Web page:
In the later part of February 2018, a demolition brigade hammered down the terrace of the Old Kenilworth Hotel, a heritage hotel in the heart of the city of Calcutta, to clear the site for the construction of a 35 storeyed residential tower. Unfortunately, the demolition of the heritage building located on 7 Little Russel Street, was facilitated by KMC order, downgrading the building’s heritage status.
The Old Kenilworth Hotel should not be confused with the newer and much larger modern Kenilworth, situated at the other end of the street. Located near the junction of the Middleton Street and Little Russell Street and considered as the second oldest hotel in the city after the Oberoi Grand, the Old Kenilworth Hotel was run by the Sarkies, a prominent American family that had bought the property from a Christian couple in 1948. It was also known as the Purdy Mansion after the owner Joyce Purdy. The big rooms, each the size of a small apartment, with high ceilings, ceiling fans and old furniture, complete with separate dining and sitting space, were a striking contrast to the otherwise standard hotel rooms. It was, in fact, a little oasis set in its own grounds, with a pleasant garden and only 5 minutes walk from Park Street.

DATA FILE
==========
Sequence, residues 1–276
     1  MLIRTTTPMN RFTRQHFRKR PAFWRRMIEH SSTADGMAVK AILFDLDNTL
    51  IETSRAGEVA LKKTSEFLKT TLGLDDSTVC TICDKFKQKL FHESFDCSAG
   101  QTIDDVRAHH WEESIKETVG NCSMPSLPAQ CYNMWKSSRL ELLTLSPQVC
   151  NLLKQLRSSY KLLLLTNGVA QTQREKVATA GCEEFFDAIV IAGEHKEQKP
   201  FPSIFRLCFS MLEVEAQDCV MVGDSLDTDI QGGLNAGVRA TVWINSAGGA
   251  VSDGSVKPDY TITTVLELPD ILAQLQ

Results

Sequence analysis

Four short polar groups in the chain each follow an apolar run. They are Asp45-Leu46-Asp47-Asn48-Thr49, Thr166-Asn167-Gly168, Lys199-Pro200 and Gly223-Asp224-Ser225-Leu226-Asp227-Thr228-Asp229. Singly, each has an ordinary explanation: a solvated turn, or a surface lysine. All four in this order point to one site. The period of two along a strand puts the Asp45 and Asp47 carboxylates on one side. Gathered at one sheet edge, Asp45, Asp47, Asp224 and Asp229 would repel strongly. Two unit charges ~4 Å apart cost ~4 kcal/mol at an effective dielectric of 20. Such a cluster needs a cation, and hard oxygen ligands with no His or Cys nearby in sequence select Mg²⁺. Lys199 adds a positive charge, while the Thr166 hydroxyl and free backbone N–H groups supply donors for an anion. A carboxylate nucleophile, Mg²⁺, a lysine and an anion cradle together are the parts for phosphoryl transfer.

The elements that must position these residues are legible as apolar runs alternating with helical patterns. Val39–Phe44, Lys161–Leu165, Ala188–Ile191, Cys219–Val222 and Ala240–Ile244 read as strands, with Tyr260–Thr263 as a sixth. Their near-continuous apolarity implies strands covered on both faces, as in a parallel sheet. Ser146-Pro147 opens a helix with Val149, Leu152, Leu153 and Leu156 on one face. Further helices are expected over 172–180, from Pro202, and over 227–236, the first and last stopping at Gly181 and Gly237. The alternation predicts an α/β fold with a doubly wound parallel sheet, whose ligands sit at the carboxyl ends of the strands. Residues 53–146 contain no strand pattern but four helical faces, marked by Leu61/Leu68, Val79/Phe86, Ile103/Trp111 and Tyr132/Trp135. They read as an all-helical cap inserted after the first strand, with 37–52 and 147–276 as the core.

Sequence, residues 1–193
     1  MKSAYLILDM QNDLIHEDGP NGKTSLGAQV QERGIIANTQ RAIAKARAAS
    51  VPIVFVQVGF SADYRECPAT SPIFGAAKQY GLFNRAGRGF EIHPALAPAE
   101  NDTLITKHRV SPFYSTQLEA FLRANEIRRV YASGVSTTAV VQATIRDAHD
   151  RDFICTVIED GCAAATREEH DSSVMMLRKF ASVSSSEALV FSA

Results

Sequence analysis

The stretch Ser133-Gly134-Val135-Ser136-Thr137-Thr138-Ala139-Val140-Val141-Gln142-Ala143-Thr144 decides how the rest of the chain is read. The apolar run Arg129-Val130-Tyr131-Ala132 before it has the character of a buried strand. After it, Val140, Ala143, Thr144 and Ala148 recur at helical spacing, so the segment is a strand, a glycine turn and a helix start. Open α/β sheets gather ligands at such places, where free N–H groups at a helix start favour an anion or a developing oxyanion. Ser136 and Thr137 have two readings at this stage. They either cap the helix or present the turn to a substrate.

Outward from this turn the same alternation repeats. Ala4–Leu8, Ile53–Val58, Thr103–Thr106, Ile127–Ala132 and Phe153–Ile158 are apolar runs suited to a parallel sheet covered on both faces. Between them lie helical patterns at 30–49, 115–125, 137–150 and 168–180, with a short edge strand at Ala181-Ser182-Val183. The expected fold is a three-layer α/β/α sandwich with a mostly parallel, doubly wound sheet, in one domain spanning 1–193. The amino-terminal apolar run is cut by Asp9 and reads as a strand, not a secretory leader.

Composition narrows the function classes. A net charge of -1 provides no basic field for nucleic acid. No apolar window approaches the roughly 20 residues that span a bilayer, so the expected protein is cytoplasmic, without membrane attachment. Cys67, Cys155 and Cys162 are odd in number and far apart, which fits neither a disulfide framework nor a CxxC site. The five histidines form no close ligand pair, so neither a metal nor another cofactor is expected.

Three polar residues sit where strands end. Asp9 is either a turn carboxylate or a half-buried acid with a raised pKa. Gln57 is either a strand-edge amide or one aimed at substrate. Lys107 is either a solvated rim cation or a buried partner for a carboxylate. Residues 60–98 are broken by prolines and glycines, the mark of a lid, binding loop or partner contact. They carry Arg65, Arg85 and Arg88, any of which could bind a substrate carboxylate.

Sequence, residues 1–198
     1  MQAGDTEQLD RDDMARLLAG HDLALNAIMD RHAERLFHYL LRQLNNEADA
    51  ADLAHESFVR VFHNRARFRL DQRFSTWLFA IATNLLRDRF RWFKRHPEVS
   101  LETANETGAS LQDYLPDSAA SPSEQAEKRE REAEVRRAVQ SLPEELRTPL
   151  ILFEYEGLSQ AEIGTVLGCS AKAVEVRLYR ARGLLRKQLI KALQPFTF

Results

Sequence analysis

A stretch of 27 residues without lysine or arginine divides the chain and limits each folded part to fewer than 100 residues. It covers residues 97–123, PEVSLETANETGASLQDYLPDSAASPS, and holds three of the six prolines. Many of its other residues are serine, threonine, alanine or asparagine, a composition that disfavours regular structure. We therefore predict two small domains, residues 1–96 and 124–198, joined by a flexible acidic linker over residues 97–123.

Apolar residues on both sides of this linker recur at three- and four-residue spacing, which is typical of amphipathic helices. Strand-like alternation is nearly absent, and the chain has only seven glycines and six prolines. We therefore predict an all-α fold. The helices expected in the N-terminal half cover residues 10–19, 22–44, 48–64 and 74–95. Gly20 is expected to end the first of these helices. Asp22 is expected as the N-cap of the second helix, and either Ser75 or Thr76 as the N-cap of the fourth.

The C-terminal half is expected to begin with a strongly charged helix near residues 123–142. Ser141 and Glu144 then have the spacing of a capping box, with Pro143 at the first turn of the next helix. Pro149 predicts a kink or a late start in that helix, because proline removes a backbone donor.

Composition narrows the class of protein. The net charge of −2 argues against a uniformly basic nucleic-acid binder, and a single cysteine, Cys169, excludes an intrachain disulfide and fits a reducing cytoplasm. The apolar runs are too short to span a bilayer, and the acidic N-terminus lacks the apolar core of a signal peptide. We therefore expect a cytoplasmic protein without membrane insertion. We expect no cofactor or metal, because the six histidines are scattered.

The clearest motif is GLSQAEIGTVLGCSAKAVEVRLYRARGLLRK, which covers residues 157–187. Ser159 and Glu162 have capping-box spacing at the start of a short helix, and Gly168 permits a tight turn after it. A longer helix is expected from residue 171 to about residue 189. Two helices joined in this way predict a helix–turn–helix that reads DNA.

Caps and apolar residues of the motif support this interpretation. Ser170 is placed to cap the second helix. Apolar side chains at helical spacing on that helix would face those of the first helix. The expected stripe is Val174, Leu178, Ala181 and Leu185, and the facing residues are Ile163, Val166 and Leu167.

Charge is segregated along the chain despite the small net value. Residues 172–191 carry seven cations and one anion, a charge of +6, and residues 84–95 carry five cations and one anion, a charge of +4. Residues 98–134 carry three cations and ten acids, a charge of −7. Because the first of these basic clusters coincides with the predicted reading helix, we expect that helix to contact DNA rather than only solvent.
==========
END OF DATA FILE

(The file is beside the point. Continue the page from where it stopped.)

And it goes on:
However, in recent years, the building had fallen into disrepair, due to negligence and lack of proper maintenance. The garden had grown wild and unkempt, the outer side of the boundary wall encroached by the illegal hawkers and the façade began to show the signs of age. But, what remained was that great silhouette, the overpowering presence and the historical backdrop.
After being in business and under the same family management for 62 years since 1948, the hotel stopped running from 10th December 2010.The property was sold a decade ago to a consortium, who constructed the city’s tallest tower, ‘The 42’ with 63 storeys in the adjoining plot no 42B Chowrighee Road. They have the intention to construct another tall tower, ‘Chowringhee Residency’, with 35 storeys, on the site of the heritage building. But, as the building was enlisted in the Grade II (A) heritage status on 25 February 2009, they applied to the KMC heritage committee for revision in the building’s status. It is alleged that, around February-March 2017, the mayor-in-council quietly and quite inexplicably downgraded the heritage building to Grade III and thus paved the way for its destruction.